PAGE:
April 9, 2017

Hunting Pastebin with PasteHunter

Hunting Pastebin with PasteHunter

From a security analytics and Threat Intelligence perspective pastebin is a treasure trove of information. All content that is uploaded to pastebin and not explicitly set to private (which requires an account) is listed and can be viewed by anyone.

Using Yara Rules to find and save interesting data from pastebin https://github.com/kevthehermit/PasteHunter

Hackers and script kiddies are quick to push their warez on to the site for the world to see and developers / network engineers are prone to accidentally leaking internal configurations and credentials.
Anyway how can we the lowly security analyst sift through all this data and use it to our advantage?
We can scrape pastebin and check all the data uploaded to see if any of it is of interest to us. There are some tools that do this like dumpmon which monitors paste sites with a set of regular expressions and tweets it out.
This is nice but i wanted a bit more control. Pastebin doesn’t really object to its content being scraped but there are limits to how often you can do it before you IP gets either a temporary ban or a permanent ban.
Fortunately Pastebin offer an API and one that is specifically designed for this kind of task. At the moment they have a lifetime offer that gives you lifetime access for a one of payment of $19.95 (for the next few days)


With a pro account we can hit the API as often as once a second from a white listed IP. In practice you don’t need to query it anywhere near this often.
Great we have access to all the data now what to do with it. That’s where PasteHunter comes in to play.
Its a simple script and a set of Yara rules that will fetch pastes from the pastebin API and store any matching pastes in to an elastic search engine with a nice Kibana front end.

If your not familiar with Yara Rules. Yara is a pattern matching engine that’s mainly used for scanning files and categorising malware families. It makes it simple to build complex rules without getting lost deep in regular expressions.

Installation is relatively simple. Install Elastic Search and Kibana if you want the Web UI for searching content.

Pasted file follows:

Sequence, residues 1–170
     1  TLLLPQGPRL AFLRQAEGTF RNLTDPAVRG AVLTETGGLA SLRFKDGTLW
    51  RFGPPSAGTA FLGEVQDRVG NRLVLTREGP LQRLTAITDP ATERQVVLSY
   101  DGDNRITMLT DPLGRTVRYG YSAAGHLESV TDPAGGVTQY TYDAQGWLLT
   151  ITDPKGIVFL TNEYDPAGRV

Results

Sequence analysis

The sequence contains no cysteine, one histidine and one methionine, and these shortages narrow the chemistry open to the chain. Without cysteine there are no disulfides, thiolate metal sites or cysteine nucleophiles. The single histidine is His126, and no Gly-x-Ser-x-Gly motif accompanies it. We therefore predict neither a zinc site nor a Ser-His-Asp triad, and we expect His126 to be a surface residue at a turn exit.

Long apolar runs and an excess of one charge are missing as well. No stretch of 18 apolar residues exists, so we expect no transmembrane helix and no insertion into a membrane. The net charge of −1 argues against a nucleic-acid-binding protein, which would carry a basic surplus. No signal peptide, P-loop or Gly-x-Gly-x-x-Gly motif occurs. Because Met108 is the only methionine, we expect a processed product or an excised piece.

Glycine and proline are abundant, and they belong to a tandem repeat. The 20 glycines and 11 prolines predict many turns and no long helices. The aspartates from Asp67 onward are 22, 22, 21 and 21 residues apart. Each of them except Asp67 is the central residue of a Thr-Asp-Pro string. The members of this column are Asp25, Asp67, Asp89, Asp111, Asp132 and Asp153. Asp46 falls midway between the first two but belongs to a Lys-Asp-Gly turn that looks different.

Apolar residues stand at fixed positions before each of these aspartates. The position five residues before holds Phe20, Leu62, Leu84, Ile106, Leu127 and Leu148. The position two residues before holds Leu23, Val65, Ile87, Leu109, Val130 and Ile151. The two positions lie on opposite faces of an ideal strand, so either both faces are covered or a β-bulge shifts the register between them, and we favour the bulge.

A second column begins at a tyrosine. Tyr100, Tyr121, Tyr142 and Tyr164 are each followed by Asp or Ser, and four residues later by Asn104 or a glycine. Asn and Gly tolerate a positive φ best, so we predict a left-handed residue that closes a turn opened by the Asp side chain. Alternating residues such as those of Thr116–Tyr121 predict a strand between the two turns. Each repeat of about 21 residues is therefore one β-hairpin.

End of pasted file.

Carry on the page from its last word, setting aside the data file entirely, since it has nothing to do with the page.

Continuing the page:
From there python3, Yara and the Yara python bindings.

Once you have everything installed clone the repo and set a cronjob to run the script at regular intervals. An example and slightly more detailed instructions are supplied in the readme on Github.

It comes with a collection of rules that scan for the most common things. Password dumps, leaked credentials hacked sites. You can also add your own keywords easily by creating a custom_keywords.yar file that looks something like this.

    This rule will match any of the keywords in the list

rule custom_keywords
        author = "@KevTheHermit"
        info = "Part of PasteHunter"

        $my_email = "thehermit@techanarchy.net" wide ascii nocase
        $my_domain = "techanarchy.net" wide ascii nocase
        $this_word = "This Word"
        $other_word = "More Words"
        any of them


Looking for your domains, email addresses document names and things of this nature can give you a heads up if any of your data is compromised either deliberately or accidentally.

For more details on creating yara rules make sure you check out the official documentation.

And that’s about all there is to it. With the script up and running you should start to see data coming in.

Here are some examples of the data that gets captured.

Base64 Encoded Malware

API Keys

Email Lists


Reference to my tools :)

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